Because I’m still on #celebrateharry mode, here’s a Harry Birthday giveaway: a spanking new Hogwarts Library, the first boxed set of the lovely new hardcover editions of “Quidditch Through the Ages,” “Fantastic Beasts and Where to Find Them,” and “The Tales of Beedle the Bard.”
I’m totally swamped with work, but it’s the eve of Harry Potter’s birthday, and seven years since Deathly Hallows was released (aha, and it’s nearly Thursday) so I’m celebrating with a trip down memory lane: how we rang in the final installment of Harry Potter, unearthed from an old cd of photos that luckily outlived Multiply.
Every year, the third Tuesday of July marks the celebration of National Children’s Book Day, as spearheaded by the Philippine Board on Books for Young People (PBBY), the organization committed to the development of children’s literature in the Philippines, in commemoration of the anniversary of the publication of Jose Rizal’s The Monkey and the Turtle in Trubner’s Oriental Record in London.
Last Sunday, in true “Anna and the French Kiss” style, I had lunch at a French boulangerie with none other than New York Times Bestselling YA author Stephanie Perkins!
Stephanie Perkins’ popular debut novel “Anna and the French Kiss” (hailed as NPR’s Best Teen Reads 2010 and CYBILS Finalist for YA Fiction in 2011) features Anna Oliphant, who is shipped off by her parents to a boarding school in Paris. Struggling to adapt to her new environment, Anna reluctantly makes new friends, including Etienne St. Clair. Anna and Etienne grow closer together, but Anna is afraid to confront her true feelings for Etienne because he is already in a relationship.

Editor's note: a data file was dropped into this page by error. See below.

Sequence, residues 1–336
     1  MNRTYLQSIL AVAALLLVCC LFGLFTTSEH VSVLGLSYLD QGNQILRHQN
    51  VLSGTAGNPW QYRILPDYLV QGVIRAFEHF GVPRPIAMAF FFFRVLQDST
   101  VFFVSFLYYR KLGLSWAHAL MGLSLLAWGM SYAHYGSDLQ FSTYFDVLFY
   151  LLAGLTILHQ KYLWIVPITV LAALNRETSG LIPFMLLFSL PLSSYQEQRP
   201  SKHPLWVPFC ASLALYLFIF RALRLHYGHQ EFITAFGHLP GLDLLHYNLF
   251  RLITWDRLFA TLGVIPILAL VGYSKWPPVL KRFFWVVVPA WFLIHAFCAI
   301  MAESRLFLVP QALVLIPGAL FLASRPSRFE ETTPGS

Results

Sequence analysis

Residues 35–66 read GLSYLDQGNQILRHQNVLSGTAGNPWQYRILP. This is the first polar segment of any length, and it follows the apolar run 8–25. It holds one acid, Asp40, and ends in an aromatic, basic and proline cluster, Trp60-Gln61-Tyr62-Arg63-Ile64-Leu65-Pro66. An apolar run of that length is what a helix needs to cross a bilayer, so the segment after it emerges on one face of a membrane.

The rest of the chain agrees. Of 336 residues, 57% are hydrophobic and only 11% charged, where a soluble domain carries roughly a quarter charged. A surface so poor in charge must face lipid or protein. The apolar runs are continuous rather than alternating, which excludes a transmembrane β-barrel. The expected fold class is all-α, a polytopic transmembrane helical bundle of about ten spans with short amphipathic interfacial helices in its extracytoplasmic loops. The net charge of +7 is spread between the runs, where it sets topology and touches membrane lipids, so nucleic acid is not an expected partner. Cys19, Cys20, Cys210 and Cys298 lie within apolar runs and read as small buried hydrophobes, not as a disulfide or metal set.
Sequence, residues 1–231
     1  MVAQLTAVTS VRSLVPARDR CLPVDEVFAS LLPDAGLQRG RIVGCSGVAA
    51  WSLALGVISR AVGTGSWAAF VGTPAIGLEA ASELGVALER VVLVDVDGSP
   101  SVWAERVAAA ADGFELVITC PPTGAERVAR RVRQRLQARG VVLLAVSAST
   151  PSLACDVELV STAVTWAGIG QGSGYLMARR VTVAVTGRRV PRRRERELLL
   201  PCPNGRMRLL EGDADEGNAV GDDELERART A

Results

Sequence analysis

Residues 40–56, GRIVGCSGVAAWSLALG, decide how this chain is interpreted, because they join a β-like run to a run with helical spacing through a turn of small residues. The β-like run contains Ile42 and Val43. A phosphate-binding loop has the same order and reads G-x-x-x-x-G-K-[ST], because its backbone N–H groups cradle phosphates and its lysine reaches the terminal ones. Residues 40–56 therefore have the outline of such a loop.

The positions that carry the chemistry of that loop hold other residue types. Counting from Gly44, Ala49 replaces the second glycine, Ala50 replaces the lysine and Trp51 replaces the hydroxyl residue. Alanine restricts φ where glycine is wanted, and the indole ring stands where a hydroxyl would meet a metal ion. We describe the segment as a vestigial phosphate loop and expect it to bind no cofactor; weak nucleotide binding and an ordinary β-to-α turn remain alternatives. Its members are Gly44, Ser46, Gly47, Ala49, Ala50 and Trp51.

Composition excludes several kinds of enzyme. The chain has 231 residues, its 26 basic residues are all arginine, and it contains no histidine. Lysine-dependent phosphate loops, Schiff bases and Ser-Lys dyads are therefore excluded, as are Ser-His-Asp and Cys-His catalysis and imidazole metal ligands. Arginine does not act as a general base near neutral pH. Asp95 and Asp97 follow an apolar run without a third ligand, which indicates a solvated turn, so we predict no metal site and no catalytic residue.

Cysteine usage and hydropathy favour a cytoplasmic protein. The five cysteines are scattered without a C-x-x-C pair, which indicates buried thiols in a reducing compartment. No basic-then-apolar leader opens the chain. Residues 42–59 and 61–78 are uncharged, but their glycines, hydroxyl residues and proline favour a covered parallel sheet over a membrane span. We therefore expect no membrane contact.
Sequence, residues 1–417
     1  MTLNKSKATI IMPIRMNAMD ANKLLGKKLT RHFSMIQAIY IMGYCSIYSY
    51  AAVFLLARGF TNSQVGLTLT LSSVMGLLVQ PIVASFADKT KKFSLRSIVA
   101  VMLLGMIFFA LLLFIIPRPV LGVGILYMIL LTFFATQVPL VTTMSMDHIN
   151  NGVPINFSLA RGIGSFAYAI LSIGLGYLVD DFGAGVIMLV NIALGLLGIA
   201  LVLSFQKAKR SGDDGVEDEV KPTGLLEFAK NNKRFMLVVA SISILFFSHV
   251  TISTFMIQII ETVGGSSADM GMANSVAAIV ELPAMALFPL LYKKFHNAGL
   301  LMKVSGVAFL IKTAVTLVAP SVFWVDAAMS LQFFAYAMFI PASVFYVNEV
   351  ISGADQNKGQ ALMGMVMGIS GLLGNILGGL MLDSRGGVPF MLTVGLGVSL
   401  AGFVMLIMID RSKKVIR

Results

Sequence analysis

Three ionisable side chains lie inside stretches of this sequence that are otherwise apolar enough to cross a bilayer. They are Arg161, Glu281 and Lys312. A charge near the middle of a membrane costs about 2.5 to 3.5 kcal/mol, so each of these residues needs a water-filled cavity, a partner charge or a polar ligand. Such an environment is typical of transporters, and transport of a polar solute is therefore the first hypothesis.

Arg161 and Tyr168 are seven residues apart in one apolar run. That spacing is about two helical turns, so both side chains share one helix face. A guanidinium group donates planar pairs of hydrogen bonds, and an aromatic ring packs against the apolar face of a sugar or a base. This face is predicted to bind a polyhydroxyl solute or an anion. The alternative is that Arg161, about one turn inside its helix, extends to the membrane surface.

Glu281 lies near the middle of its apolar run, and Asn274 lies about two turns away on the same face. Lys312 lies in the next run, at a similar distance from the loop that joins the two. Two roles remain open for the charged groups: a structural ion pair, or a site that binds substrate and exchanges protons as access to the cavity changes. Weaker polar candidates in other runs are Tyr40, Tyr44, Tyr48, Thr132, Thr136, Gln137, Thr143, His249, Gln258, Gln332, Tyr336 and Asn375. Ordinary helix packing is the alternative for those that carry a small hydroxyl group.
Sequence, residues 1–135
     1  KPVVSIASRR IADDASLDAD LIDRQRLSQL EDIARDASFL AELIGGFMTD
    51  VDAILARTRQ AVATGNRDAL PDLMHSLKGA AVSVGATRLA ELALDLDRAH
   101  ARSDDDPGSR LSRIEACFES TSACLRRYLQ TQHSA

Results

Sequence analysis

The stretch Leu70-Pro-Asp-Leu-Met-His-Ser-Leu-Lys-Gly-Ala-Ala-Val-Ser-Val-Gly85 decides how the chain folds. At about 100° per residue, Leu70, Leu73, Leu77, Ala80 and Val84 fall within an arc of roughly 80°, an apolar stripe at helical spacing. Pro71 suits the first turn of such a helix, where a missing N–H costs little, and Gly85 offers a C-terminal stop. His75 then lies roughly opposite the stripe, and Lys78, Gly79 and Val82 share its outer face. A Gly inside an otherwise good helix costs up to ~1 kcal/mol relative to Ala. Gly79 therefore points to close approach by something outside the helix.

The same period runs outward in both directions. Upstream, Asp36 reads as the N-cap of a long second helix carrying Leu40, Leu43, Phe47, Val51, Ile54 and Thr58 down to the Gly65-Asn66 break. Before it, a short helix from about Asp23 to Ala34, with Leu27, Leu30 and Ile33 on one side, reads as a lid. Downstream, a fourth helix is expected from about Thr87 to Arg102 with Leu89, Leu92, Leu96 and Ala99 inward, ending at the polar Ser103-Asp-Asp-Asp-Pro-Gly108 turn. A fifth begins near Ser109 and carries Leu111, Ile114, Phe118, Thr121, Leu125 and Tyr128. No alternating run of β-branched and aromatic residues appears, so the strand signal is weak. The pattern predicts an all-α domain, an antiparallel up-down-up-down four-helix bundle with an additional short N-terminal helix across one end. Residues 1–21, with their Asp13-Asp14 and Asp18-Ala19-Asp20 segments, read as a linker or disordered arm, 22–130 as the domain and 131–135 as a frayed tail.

Meanwhile, “Lola and the Boy Next Door” (included in the YALSA Best Fiction for Young Adults 2012 and the ALA Book List 2013) is set in San Francisco, where budding designer Lola Nolan is confronted by her past with the return of her next door neighbor (and first heartbreak), Cricket Bell. Lola is beset by a turbulent storm of emotions as she tries to deal with Cricket’s renewed presence in her life, her relationship with her unconventional family, and her own identity.
It’s always fascinating to learn about the creative process of a children’s book creator, so I was drawn to Il Sung Na’s session on “Korean Picture Books: The Power of Picture” at the AFCC Writers and Illustrators conference last month.
Il Sung Na is the writer and illustrator of several acclaimed picture books, including “Zzzzz: A Book of Sleep,” “The Thingamabob,”” “Brrrr: A Book of Winter,” “Hide & Seek,” and “Shhhh: A Book of Babies.” Born in Seoul, he studied illustration in London and is now based in Baltimore, USA. His illustration work is mixed media and digital.